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Can The Nashville Predators Catch The Detroit Red Wings?

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Editor's note:  Thanks to an errant ticket schedule, the numbers provided below for the Red Wings were initially incorrect.  They've been updated to reflect the correct numbers.

Looking for futures bet with a decent return?  Thinking the nice price on the Predators to win the Central Division are worth a couple of bucks?  Though the mainstream folks have labeled the Predators as a defensive team, Pekka Rinne has been the true difference maker for these Predators.  And while the Predators will undoubtedly make a move or two to add offense at the trade deadline, the rest of the Western Conference contenders will move to patch holes as well.  Can this supposedly defensively-minded team chase down the big bad Wings?

Nashville is 16th in the league in shot prevention, giving up 30.3 shots per game.  They are 23rd in the league in shot differential at -1.8 shots per game.  Rinne has made up the difference as Nashville has posted a .924 save percentage, third-best in the league, largely drive by Rinne's individual performance.  Rinne has appeared in 36 games, posting a .932 even strength save percentage and an absurd .927 short-handed save percentage, far and away the best in the league for a regular goaltender.  There's not much to the narrative that this is a "lockdown" team or a superior defensive team.  With league-average goaltender on the season, the Predators would have given up 16 more goals, pulling their goal differential down to even and knocking at least five points from the win column.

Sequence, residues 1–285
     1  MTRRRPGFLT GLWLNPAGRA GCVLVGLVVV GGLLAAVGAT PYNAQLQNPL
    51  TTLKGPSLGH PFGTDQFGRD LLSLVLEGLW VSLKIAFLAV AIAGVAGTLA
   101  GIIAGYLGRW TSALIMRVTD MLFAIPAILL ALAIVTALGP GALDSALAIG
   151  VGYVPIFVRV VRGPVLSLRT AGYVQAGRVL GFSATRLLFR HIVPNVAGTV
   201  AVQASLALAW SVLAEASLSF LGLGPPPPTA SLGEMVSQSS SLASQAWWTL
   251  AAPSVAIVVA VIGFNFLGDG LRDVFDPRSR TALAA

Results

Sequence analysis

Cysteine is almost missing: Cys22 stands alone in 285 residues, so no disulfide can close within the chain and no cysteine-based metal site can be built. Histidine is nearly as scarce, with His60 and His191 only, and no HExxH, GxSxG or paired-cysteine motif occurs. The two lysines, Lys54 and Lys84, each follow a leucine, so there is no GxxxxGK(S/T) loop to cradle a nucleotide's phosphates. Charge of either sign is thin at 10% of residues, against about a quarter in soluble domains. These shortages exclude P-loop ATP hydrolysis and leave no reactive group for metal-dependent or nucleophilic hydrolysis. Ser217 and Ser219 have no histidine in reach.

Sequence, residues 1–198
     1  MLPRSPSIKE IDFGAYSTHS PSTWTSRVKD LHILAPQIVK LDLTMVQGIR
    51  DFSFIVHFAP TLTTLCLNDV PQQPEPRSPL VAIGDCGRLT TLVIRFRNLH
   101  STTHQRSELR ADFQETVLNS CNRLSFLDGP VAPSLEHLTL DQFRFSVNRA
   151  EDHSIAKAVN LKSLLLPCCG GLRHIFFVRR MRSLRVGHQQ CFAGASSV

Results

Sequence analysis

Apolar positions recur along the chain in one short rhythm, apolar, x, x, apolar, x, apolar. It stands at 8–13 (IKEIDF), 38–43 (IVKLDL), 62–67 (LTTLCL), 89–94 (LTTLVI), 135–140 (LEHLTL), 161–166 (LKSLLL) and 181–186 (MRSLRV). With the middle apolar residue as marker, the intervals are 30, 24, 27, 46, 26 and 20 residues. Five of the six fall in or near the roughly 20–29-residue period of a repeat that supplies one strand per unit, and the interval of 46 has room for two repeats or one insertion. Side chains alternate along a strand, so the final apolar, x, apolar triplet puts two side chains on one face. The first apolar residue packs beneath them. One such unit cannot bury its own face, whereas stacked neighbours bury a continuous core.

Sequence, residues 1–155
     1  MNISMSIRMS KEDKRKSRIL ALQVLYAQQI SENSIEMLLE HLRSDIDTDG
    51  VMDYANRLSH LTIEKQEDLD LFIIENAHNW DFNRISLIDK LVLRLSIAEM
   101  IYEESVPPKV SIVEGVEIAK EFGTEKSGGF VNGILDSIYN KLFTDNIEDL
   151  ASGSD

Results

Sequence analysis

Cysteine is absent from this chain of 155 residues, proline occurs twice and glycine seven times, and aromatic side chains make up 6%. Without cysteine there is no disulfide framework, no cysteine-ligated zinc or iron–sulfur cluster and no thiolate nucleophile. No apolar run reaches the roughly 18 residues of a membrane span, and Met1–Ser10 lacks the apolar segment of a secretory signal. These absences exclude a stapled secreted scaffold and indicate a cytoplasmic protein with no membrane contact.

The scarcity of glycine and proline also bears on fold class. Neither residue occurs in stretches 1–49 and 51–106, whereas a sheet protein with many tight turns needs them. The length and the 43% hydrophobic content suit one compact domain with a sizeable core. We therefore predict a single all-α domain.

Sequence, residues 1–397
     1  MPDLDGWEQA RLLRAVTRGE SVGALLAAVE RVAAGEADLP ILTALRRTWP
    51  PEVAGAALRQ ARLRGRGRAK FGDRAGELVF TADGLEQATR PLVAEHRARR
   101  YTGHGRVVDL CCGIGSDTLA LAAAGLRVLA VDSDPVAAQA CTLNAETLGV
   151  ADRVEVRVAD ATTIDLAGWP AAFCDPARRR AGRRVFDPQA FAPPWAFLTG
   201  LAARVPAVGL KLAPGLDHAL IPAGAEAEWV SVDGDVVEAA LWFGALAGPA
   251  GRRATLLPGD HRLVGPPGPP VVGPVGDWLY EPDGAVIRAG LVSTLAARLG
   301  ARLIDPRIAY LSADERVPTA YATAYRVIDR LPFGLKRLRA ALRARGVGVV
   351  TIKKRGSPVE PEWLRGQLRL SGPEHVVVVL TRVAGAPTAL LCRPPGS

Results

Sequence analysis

So if the Predators aren't a true defensive team, but are being carried by their goaltender, how can they win the Central Division?

It's all about home cooking.

Over their final 29 games, the Predators play 19 games at home and only ten on the road.

GP Pts GR Home Away
Nashville 53 63 29 19 10
Detroit 52 68 30 15 15


Contrast that with the Red Wings.  The Wings must finish the season with 15 road games and only 15 home games.

Nashville's schedule is as follows:

Mon, Feb 7  vs Edmonton Oilers 
Wed, Feb 9  @ Detroit Red Wings 
Sat, Feb 12  vs Colorado Avalanche
Tue, Feb 15  vs San Jose Sharks 
Thu, Feb 17  vs Vancouver Canucks
Sat, Feb 19  vs Phoenix Coyotes 
Tue, Feb 22  @ Columbus Blue Jackets 
Thu, Feb 24  vs Chicago Blackhawks 
Sat, Feb 26  @ Dallas Stars 
Sun, Feb 27  vs Columbus Blue Jackets 
Tue, Mar 1  @ Edmonton Oilers 
Thu, Mar 3  @ Vancouver Canucks 
Sun, Mar 6  @ Calgary Flames 
Tue, Mar 8  @ San Jose Sharks 
Thu, Mar 10  vs Minnesota Wild 
Sat, Mar 12  vs Colorado Avalanche
Tue, Mar 15  vs Los Angeles Kings 
Thu, Mar 17  vs Boston Bruins 
Sat, Mar 19  vs Detroit Red Wings 
Sun, Mar 20  @ Buffalo Sabres 
Tue, Mar 22  vs Edmonton Oilers 
Thu, Mar 24  vs Anaheim Ducks 
Sat, Mar 26  vs Dallas Stars 
Tue, Mar 29  vs Vancouver Canucks
Thu, Mar 31  @ Colorado Avalanche 
Sat, Apr 2  vs Detroit Red Wings 
Tue, Apr 5  vs Atlanta Thrashers 
Fri, Apr 8  vs Columbus Blue Jackets 
Sat, Apr 9  @ St. Louis Blues 


There is a four game road-trip, but it's offset by four homestands of three games, two four-game homestands and a length five-game homestand.

The Predators play 12 of final 15 at home, including two against the Red Wings.

All of this may be moot, however.  Even though Nashville has averaged 1.364 points per game at home and only 1.065 on the road, the machine-like Red Wings have averaged 1.308 points per game at home and 1.357 on the road.  Should those rates hold, the Predators will rack up 36 points to close the season with 99 points and the Red Wings will tally 40 points on their way to a 108 point season.  But the Red Wings will have to deal with much more travel during this stretch - they've got a three-game homestand and a six-game road trip, but most of the other 21 games are bouncing from city to city.  If the travel begins to wear on the Red Wings and they falter - the homebody Predators have a fighting chance to catch them.